Nakawa Vocational Training Institute is now set and ready to train more industry workers in the new course of mechatronics, following the successful training of the first batch over the last three weeks.
Mechatronics combines mechanical engineering and electronic engineering.
The 46-year-old institute is responding to the growing need for more skilled engineers in Uganda’s private sector.
To implement this special course, Nakawa, through the support of the Japan International Cooperation Agency (JICA), acquired a state-of-the-art laboratory with modern training equipment.
Prior, mechatronics instructors involved received training in the latest skills and technology in Japan.
With the first group now trained and dispatched to their respective industries, Nakawa feels it is set to train even more such industry workers.
“The new training is meant to expand the scope to very many Ugandan engineers, and so Ugandans should use this chance,” said principal Fred Muwanga at the closure of the very first training at the institute on Friday.
Education and sports ministry commissioner James Mugerwa hands a certificate to one of the trainees as principal Fred Muwanga looks on
At a conference held in Tokyo, Japan in 2013, Nakawa Vocational Training Institute was chosen as one of the industrial human resource development centers in Africa.
This was the fifth edition of the Tokyo International Conference on African Development which stamped emphasis on skills development on the continent.
To develop and consolidate Nakawa's capacity in responding to the needs of the private sector, the TVET-LEAD project was started in 2015. The institute is implementing the project “following records of discussions” signed between the education and sports ministry and JICA.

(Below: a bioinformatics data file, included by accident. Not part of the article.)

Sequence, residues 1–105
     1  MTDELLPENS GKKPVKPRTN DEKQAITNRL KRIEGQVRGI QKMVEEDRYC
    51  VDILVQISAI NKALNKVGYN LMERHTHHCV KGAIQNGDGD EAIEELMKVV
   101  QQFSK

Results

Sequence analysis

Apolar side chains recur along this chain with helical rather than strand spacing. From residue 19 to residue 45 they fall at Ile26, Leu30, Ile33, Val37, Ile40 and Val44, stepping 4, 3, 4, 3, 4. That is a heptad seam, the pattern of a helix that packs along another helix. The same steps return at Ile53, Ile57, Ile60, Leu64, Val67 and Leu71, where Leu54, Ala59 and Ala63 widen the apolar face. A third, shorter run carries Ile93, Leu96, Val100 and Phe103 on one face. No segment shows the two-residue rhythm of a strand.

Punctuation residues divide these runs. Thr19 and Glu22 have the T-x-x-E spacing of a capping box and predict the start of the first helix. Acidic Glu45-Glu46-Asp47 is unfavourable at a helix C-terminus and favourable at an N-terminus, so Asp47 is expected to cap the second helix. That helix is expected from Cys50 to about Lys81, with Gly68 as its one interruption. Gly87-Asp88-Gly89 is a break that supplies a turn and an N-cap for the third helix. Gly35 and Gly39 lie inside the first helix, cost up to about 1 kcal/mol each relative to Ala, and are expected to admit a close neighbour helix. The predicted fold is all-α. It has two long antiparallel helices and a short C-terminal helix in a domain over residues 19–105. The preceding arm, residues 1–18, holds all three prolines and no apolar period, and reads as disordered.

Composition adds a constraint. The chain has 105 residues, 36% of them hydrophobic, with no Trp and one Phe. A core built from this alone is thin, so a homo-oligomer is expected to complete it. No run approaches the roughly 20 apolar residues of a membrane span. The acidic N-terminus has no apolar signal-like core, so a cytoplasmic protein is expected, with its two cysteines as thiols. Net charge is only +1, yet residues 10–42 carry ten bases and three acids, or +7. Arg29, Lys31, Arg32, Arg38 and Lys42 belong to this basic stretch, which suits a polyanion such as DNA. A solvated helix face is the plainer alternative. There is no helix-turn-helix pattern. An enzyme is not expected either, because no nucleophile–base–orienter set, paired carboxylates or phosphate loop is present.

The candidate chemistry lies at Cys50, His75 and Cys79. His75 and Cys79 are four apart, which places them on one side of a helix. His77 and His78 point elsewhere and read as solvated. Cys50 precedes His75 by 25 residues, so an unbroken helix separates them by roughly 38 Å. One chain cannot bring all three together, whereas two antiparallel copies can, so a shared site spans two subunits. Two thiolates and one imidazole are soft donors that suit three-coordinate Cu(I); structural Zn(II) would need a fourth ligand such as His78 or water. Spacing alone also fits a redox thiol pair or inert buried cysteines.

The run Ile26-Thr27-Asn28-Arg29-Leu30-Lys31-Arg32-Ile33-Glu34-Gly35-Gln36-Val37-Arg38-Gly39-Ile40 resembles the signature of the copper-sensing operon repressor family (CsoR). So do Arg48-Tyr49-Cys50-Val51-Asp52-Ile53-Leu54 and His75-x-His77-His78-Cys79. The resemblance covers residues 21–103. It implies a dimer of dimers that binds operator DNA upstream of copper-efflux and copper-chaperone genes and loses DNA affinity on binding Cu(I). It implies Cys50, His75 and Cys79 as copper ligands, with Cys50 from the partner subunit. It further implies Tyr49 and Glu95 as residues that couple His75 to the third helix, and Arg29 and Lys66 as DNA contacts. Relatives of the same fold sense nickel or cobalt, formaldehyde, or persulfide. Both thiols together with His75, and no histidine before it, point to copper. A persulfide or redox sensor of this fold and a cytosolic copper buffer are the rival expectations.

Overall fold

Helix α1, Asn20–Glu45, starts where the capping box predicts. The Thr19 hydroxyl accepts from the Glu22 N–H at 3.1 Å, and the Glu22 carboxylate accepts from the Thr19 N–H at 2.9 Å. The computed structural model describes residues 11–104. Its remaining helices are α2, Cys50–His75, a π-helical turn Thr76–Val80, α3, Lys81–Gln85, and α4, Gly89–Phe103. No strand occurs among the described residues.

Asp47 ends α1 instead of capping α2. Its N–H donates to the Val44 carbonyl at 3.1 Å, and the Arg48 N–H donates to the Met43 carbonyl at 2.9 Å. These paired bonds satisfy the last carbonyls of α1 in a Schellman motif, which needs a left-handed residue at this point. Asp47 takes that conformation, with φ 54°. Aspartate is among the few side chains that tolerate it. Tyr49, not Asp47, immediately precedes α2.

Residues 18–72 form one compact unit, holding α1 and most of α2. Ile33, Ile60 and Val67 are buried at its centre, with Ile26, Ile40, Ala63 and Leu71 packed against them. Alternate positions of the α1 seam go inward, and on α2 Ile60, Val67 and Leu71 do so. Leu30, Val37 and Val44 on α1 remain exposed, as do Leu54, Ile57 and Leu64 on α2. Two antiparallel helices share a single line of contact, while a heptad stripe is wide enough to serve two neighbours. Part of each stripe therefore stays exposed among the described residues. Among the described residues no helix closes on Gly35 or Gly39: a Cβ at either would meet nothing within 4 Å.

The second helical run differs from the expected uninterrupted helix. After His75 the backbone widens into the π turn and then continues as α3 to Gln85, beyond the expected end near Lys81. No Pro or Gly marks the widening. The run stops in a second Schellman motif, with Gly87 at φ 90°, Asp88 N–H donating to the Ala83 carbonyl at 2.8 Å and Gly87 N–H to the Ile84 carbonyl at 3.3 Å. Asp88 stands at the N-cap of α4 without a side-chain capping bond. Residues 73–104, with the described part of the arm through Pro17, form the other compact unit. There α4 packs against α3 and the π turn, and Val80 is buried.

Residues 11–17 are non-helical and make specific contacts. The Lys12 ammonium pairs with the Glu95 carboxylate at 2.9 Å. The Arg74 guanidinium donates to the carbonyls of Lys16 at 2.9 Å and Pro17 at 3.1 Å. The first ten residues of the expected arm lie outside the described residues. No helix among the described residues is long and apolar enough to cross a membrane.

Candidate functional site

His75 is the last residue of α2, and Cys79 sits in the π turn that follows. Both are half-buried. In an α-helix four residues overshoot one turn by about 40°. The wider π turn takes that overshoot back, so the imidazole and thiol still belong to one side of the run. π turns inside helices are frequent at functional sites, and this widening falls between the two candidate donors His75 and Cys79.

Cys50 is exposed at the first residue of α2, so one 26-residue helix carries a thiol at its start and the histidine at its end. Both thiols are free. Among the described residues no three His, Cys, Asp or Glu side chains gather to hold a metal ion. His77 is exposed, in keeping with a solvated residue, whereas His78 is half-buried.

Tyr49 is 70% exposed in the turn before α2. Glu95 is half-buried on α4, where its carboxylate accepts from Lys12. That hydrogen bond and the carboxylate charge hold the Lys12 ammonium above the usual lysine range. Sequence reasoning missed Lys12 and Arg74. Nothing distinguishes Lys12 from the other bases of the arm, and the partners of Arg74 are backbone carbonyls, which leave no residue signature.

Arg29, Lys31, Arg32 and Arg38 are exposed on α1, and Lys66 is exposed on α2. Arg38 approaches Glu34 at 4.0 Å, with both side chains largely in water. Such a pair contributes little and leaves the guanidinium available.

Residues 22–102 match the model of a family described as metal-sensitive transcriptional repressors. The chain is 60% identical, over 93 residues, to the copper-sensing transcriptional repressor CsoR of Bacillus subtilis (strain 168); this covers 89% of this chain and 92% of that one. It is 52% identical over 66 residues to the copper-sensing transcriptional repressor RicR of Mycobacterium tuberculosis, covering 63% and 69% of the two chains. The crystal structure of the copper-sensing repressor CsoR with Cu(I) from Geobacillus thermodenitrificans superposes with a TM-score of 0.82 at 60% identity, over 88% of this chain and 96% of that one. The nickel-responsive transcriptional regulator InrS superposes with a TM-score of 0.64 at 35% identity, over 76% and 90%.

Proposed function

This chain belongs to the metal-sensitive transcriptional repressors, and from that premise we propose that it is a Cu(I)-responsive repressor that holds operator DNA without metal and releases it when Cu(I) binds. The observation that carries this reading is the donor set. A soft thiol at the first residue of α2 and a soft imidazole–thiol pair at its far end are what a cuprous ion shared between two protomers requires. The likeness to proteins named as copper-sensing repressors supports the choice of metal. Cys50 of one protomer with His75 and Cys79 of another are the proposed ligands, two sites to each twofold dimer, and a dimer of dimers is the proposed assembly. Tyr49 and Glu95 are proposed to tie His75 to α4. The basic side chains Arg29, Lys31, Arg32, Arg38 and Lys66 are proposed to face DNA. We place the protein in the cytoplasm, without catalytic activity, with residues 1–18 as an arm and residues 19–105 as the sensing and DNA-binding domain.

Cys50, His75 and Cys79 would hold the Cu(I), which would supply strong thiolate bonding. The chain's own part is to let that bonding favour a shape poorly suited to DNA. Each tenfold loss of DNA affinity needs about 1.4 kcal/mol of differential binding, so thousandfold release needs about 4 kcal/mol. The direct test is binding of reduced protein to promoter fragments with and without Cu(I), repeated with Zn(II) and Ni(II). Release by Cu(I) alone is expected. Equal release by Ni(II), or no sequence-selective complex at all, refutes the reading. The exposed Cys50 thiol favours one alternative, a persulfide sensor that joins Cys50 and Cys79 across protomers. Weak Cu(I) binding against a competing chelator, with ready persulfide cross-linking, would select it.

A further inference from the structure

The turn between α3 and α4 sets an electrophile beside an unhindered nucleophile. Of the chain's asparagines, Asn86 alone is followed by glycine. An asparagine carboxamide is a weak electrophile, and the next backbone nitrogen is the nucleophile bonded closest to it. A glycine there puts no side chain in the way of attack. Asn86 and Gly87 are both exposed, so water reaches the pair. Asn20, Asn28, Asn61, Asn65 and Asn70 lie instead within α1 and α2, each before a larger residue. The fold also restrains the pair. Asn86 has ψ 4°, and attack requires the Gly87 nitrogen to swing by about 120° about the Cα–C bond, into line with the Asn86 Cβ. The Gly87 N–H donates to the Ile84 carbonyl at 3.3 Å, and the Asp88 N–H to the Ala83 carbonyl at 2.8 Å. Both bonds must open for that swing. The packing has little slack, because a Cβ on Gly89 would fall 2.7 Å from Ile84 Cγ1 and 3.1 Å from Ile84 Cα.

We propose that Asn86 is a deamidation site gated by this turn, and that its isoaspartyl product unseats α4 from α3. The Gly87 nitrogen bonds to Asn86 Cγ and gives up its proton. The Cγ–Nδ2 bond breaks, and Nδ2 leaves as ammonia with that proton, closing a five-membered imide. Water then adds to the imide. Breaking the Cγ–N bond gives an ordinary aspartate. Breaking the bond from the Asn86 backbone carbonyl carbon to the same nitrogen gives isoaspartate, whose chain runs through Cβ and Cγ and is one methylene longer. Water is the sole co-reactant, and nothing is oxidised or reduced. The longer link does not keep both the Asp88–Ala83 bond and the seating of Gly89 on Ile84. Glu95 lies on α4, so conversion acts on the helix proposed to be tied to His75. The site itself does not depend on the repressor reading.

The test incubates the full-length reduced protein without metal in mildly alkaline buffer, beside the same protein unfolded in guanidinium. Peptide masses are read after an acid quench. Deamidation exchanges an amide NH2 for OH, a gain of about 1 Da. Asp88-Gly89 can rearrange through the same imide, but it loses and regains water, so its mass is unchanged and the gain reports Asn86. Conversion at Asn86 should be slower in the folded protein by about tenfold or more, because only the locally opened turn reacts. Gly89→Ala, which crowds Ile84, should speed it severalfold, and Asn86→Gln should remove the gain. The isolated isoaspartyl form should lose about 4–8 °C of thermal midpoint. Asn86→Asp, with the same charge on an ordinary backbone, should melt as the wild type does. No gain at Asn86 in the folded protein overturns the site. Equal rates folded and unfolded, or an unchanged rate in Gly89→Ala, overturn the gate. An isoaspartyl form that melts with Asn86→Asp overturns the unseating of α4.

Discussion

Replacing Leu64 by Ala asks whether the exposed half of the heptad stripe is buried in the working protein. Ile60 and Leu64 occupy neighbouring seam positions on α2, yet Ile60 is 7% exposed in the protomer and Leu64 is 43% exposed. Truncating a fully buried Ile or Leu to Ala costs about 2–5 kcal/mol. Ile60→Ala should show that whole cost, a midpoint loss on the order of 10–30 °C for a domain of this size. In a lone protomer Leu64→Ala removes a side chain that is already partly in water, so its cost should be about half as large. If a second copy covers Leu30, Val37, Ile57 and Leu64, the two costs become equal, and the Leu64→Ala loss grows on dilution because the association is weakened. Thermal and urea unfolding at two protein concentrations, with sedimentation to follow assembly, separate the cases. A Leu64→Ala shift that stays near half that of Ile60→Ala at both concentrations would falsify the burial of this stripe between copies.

Part of the five-year project was establishing of the upgrading programme in mechatronics as well as diploma programmes in automobile and electrical engineering.
On Friday, Kazuaki Sugawara from JICA said engineering is about design, making things happen and solving problems, adding that the field calls for creativity, management and communication skills, as well as technical expertise and knowledge.
“The field of engineering is vital to a country's development. That’s why we are working with Nakawa Institute,” said Sugawara.
Shaban Abduallah was part of the first group to be trained in mechatronics at Nakawa.
He said: “Through supporting our industries with the new technology, we know we are training the labour force that can be helpful in running our Ugandan industries,” he said.
Wilson Kajjaku, an instructor at the institute, agrees.
He said this new training is offering practical rather than theoretical lessons, which has enhanced trainees’ understanding of the new technologies.
Instructor Wilson Kajjuka with trainees
Through the TVET-LEAD project, Nakawa Institute looks to improve its employment-oriented vocational training management as well as to disseminate its experience to other BTVET institutions.
Nakawa is one of the four public vocational training institutes directly operated and administered by the education and sports ministry through the BTVET department.
A four-month needs study conducted by Nakawa in 2015 showed that industries had acquired new technologies especially in electro-mechanical systems and in some cases, were employing experts from other countries to operate, maintain and repair the machinery and equipment.
The survey also found that some companies were sponsoring workers for training outside Uganda where such technologies exist.
Nakawa established a Public Private Partnership Working Group where its instructors and staff work together with members from the private sector to identify training needs and developing programmes to address those needs.
And it is through this partnership that Nakawa developed curricula for vocational diploma programmes in automobile and electrical engineering and upgrading training modules for mechatronics.
Profile of these programmes are developed at Level 4 in line with UVQF, the standard set by DIT. In addition, the two diploma curricula were approved by NCDC and forwarded to NCHE for accreditation.
A modular curriculum was developed together with the private sector and industries agreed to conduct training in PLC and Pneumatic systems; Sensor Design Technology; Inverters, Motors and Servosand Micro-controllers.